The credit rating on U.S. bonds may survive the debt-ceiling fiasco, but the president and speaker of the House, the two most powerful figures in American government, have already been downgraded.
Generational Balance, Not Budget Balance: Laurence Kotlikoff
By Laurence Kotlikoff
Aug 2, 2011 Comments
Debt crises make great drama. The big shots attend meetings, look terribly worried, then stomp out, accusing each other of bad faith. Finally, at the witching hour, they reach agreement and tell us all is fine, for now.
To Exit Afghanistan, We Should Say We’ll Stay: Meghan O’Sullivan
By Meghan O’Sullivan
Aug 2, 2011 Comments
Even last week’s swearing in of Ryan Crocker -- one of the most talented U.S. diplomats -- as ambassador to Kabul seems unable to stanch the perception that U.S. efforts in Afghanistan are waning. Most Americans take solace in the notion that, in President Barack Obama’s words, “the tide of wars is receding,” regardless of whether the administration can tie its disengagement to success.
Here’s a Tax That Can End Pain at Pump: Bradley, Ridge, Walker
By Bill Bradley, Tom Ridge and David Walker
Aug 2, 2011 Comments
The U.S.’s national transportation program is broke. We borrow about $12 billion from the Treasury annually for the Highway Trust Fund. But our real annual transportation deficit is more than $100 billion when you include interest, deferred maintenance and other spending.
‹ Prev12345678910 11-20 21-22Next ›
JUST ADDED…
Europe’s Plan Won’t Cut Greek Debt: Allen, Eichengreen and Evans
Op-Eds
By Peter Allen, Barry Eichengreen and Gary Evans
Coming Lobbyist Brawl May (Really) Fix Our Taxes: Jonathan Alter
Columns
By Jonathan Alter
Postrel: Obama Glamour Can’t Fix Charisma Deficit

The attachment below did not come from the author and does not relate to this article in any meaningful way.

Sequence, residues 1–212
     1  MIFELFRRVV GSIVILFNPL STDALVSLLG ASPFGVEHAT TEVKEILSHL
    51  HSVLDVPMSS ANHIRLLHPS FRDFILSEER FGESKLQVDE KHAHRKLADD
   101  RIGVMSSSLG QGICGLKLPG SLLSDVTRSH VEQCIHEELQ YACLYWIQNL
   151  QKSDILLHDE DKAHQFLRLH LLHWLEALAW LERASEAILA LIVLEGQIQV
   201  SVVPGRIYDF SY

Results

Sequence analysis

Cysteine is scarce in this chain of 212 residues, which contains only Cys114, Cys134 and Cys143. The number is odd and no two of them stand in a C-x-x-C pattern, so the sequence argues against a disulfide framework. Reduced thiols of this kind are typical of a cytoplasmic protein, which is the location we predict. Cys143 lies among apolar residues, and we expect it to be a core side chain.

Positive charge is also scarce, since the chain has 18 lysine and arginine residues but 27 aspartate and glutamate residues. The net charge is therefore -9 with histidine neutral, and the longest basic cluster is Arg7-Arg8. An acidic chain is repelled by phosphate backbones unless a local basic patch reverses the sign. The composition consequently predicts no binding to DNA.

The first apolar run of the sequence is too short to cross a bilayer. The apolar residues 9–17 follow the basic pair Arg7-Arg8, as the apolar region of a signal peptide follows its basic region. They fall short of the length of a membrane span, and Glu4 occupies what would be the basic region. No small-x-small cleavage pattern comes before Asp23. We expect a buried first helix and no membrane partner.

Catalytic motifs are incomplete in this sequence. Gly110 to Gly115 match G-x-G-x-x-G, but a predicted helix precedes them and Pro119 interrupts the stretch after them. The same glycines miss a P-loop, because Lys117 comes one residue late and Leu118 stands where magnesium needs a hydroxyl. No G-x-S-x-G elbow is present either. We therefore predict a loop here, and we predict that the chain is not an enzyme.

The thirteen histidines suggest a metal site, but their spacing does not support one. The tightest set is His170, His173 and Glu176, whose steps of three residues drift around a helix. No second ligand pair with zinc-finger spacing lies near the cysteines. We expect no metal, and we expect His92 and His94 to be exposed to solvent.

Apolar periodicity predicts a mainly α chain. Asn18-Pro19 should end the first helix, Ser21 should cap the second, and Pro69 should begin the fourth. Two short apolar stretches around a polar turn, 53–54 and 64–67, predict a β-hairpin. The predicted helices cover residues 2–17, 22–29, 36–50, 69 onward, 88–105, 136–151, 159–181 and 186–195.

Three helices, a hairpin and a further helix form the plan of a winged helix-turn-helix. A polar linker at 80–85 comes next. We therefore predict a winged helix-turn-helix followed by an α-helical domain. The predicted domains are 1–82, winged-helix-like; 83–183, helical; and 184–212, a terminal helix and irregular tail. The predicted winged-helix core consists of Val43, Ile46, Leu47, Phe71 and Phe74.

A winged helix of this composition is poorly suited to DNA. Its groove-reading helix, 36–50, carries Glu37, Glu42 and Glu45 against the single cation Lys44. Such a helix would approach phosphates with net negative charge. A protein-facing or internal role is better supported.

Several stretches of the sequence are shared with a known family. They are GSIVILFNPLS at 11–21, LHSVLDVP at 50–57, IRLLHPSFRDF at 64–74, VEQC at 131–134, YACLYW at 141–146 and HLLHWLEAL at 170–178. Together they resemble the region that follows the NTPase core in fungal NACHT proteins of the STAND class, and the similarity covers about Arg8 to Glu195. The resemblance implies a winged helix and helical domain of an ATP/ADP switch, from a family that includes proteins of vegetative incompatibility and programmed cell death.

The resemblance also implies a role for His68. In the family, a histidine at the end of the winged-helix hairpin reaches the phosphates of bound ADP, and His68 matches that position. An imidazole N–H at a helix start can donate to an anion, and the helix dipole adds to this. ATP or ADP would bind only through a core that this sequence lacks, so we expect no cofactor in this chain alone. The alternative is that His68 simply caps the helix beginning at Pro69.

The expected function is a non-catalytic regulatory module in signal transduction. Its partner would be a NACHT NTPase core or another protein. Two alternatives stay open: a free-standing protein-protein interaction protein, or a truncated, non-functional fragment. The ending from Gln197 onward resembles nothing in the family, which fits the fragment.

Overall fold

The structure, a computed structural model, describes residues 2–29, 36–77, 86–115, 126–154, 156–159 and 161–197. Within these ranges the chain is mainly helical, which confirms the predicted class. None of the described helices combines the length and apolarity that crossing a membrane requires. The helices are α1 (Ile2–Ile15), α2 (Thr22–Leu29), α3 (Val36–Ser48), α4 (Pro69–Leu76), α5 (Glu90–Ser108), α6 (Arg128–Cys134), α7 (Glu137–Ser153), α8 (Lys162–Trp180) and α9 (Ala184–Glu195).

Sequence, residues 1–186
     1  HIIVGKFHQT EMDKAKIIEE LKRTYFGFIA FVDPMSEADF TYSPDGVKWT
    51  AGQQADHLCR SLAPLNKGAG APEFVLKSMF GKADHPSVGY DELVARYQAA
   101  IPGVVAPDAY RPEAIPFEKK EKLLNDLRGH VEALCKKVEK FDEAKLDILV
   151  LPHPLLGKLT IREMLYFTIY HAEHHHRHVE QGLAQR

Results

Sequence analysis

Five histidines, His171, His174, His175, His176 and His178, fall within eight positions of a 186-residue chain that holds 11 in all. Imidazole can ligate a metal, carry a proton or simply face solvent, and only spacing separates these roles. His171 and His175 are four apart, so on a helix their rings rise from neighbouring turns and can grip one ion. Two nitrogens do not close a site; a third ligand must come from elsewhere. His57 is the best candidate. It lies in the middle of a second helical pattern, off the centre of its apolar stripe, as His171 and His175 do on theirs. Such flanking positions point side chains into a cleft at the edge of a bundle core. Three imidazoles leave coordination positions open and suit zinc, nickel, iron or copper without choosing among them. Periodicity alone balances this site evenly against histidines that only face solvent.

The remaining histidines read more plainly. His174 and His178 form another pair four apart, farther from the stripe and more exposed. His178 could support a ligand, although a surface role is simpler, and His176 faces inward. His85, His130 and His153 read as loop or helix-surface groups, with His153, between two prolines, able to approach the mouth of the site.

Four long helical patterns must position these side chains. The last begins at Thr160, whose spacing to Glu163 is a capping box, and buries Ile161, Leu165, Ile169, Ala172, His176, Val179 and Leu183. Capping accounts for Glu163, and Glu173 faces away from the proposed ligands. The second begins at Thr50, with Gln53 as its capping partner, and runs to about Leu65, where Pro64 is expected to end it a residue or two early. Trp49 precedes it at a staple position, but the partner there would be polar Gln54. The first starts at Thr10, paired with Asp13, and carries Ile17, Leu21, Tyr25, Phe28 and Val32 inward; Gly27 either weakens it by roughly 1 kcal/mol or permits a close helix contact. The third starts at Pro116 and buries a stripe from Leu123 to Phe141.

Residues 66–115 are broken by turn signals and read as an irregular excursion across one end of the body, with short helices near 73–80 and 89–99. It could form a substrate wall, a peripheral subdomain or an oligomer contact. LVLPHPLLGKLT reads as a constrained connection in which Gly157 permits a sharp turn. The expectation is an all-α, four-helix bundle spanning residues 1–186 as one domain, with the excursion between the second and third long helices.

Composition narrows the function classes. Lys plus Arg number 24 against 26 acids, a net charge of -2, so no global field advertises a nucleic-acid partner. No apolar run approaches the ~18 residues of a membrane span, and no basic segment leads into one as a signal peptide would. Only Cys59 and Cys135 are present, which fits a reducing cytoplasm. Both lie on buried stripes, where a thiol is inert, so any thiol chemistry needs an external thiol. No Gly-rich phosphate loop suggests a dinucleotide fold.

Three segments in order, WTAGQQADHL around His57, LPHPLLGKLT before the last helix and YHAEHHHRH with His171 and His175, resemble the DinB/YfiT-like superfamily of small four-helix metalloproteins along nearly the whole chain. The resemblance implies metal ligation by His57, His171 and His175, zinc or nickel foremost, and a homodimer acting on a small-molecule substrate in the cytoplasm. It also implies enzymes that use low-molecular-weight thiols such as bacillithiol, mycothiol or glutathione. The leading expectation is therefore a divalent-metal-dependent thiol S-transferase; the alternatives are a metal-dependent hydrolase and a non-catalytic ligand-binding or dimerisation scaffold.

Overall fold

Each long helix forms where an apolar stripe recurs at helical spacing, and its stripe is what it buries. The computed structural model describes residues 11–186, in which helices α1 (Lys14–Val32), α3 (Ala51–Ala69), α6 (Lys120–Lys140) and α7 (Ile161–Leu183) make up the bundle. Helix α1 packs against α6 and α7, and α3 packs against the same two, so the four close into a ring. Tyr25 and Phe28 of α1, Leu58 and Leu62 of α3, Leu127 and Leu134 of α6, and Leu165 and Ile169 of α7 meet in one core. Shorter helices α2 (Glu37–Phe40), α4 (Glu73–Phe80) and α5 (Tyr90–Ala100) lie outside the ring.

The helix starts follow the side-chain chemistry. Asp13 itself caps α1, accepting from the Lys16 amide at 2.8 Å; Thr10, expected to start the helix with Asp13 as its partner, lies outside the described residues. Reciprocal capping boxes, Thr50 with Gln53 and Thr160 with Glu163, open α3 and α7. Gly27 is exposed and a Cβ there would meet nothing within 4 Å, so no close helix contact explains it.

Columns
By Virginia Postrel
World Market Rout Is a Loud No-Confidence Vote in Global Leadership: View
Editorials
By the Editors
Inaction by West Increases the Danger in Libya and Syria: View
Editorials
By the Editors
Advertisement
Sponsored Links
Advertisement
Bloomberg on
Facebook
Follow Bloomberg
on Twitter
Follow Bloomberg
on LinkedIn
MORE FROM BLOOMBERG
Bloomberg Law
Bloomberg Link
Bloomberg Markets Magazine
Bloomberg New Energy Finance
Bloomberg Open Symbology
Bloomberg Press
Bloomberg Sports
COMPANY

Rate this Page
©2011 BLOOMBERG L.P. ALL RIGHTS RESERVED.
MARKET SNAPSHOTDowS&P; 500NasdaqSTOXX 50FTSE 100DAX NikkeiTOPIX Hang Seng
AnywhereProfessionalSolutionsAbout
Home Quick News Top HeadlinesMost PopularExclusiveWorldwideRegionsMarketsIndustriesEconomyPoliticsLawEnvironmentScienceMuse: Arts, Culture & SpendSportsBloomberg Markets MagazineLeadersEntrepreneurs View EditorialsColumnsOp-EdsBusiness ClassEchoesThe TickerWorld View Market Data OverviewStocksStock FuturesCurrenciesCommoditiesRates & BondsETFsMutual FundsEconomic CalendarForex Trading Videos Personal Finance News & VideosCalculatorsPortfolios TV Live TVShowsSchedulesChannel FinderBloomberg West Radio Live RadioShowsScheduleVideoPodcastsMobile AppsBusinessweek.comInsights SeriesBloomberg BlogFeedback